13 Questions to Ask Your Doctor About Sugar Intolerance

13 Questions to Ask Your Doctor About Sugar Intolerance

Here’s what to ask – and tell – your doctor to understand how to test your child for, treat, and live well with Sucrose Intolerance.

13 Questions to Ask Your Doctor about Sugar Intolerance

If your infant, toddler, tween, or teenager has been suffering with symptoms such as frequent watery diarrhea, gas, bloating, stomach pain, and vomiting, you’re likely going to do whatever it takes to help them get relief.

If you’re heading to the doctor to get a diagnosis, it’s wise to go equipped with the right questions to ask, as well as any notes you might be keeping to track what your child eats and when these symptoms are experienced; for example, right after eating.

It’s important to ask about, and consider, more than the obvious cause for your child’s issues. This is especially true if your kid may have a rare disease, which might be overlooked if you don’t bring it up.

Sucrose Intolerance, sometimes informally referred to as Sugar Intolerance, is just that, a rare medical condition caused by Congenital Sucrase-Isomaltase Deficiency (CSID).

Because it is rare, many doctors don’t see enough cases to recognize it. Therefore, they may not consider it and miss the real reason – and the best treatment – for your child’s tummy troubles.

Already diagnosed with CSID? Follow-up visits are more effective and efficient if you come prepared with a list of questions and notes to best continue to manage and monitor your child’s condition.

Your CSID Snapshot

CSID is an inherited condition that causes stomach problems when certain foods are eaten because the body can’t digest, or break down, these foods.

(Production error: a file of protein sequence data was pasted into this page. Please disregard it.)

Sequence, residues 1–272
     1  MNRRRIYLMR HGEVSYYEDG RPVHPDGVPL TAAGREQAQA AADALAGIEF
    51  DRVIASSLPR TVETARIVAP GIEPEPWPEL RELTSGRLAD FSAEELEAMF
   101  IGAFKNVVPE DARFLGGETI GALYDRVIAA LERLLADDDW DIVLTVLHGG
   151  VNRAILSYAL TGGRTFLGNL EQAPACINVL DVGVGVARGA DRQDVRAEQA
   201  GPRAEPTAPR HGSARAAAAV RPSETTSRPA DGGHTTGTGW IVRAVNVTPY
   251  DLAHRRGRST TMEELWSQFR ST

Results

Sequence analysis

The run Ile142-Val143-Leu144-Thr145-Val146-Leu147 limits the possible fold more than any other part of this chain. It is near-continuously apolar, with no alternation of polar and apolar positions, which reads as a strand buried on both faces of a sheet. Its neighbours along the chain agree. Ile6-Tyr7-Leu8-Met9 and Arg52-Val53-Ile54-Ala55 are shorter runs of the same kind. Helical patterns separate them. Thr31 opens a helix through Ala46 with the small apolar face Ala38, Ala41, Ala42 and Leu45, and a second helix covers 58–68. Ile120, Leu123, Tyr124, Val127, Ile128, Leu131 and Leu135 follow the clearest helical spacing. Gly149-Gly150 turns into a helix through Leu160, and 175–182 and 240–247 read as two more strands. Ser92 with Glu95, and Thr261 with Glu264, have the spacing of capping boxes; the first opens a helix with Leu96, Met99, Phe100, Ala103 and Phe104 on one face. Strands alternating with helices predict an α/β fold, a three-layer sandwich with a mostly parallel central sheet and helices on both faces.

Children with Sugar Intolerance caused by CSID are born without the ability to produce adequately functioning forms of the enzymes sucrase and isomaltase, chemicals needed to digest different sugars and starches, which are chains of sugar chemicals linked together.

This enzyme deficiency causes foods containing these sugars to be improperly digested, resulting in stomachaches and cramping, bloating, gas, and frequent watery diarrhea.

If left untreated, these digestive problems can lead to a failure to gain weight and grow at the expected rate, a condition called “failure to thrive,” and even malnutrition, meaning your child isn’t able to digest and absorb all the nutrients and calories they need for healthy development.

Which Doctor Is Best?

As with any rare disease, it’s best to see a specialist because a specialist is very focused on a particular area of the body and is more familiar with conditions that are less well known to general practitioners, such as a family doctor or pediatrician.

Seek out a pediatric gastroenterologist, typically called a GI doctor, who is a specialist in the stomach area.

You’ll also benefit greatly from asking questions of a registered dietitian (RD) or a certified specialist in pediatric nutrition. These specialists can map out a food management plan to help you identify the good, the bad, and the really bad foods, so you can shop for and prepare meals and snacks anxiety-free.

Ask for a written report or care plan from all members of your child’s healthcare team, so you don’t have to worry about forgetting any of their instructions.

Quick Tip: Keep a detailed food journal to track when your child’s symptoms occur and which foods appear to trigger these symptoms and take it to every appointment.

The Top 13 Questions to Ask Your Doctor

  1. Could my child’s symptoms be caused by Congenital Sucrase-Isomaltase Deficiency (CSID)?
  2. How is CSID diagnosed?
  3. Are symptoms specific to my baby? Toddler? Tween? Teen?
  4. How many children with CSID have you treated?
  5. What are my child’s treatment options?
  6. Will my child outgrow this condition?
  7. Should my child wear a medical alert bracelet?
  8. Must my child stop eating all sugars and starches?
  9. How can I be certain my child is getting proper nutrition in her diet?
  10. Is there a medical professional who can help me understand how to manage my child’s diet? Is that what an RD is?
  11. How do I best explain my child’s condition and necessary diet limitations to others?
  12. Does my child need to come in for periodic follow-up visits? If so, how often?
  13. Do you have a brochure or other information that I can have as a resource?

Sucrose Intolerance may be more common than you think.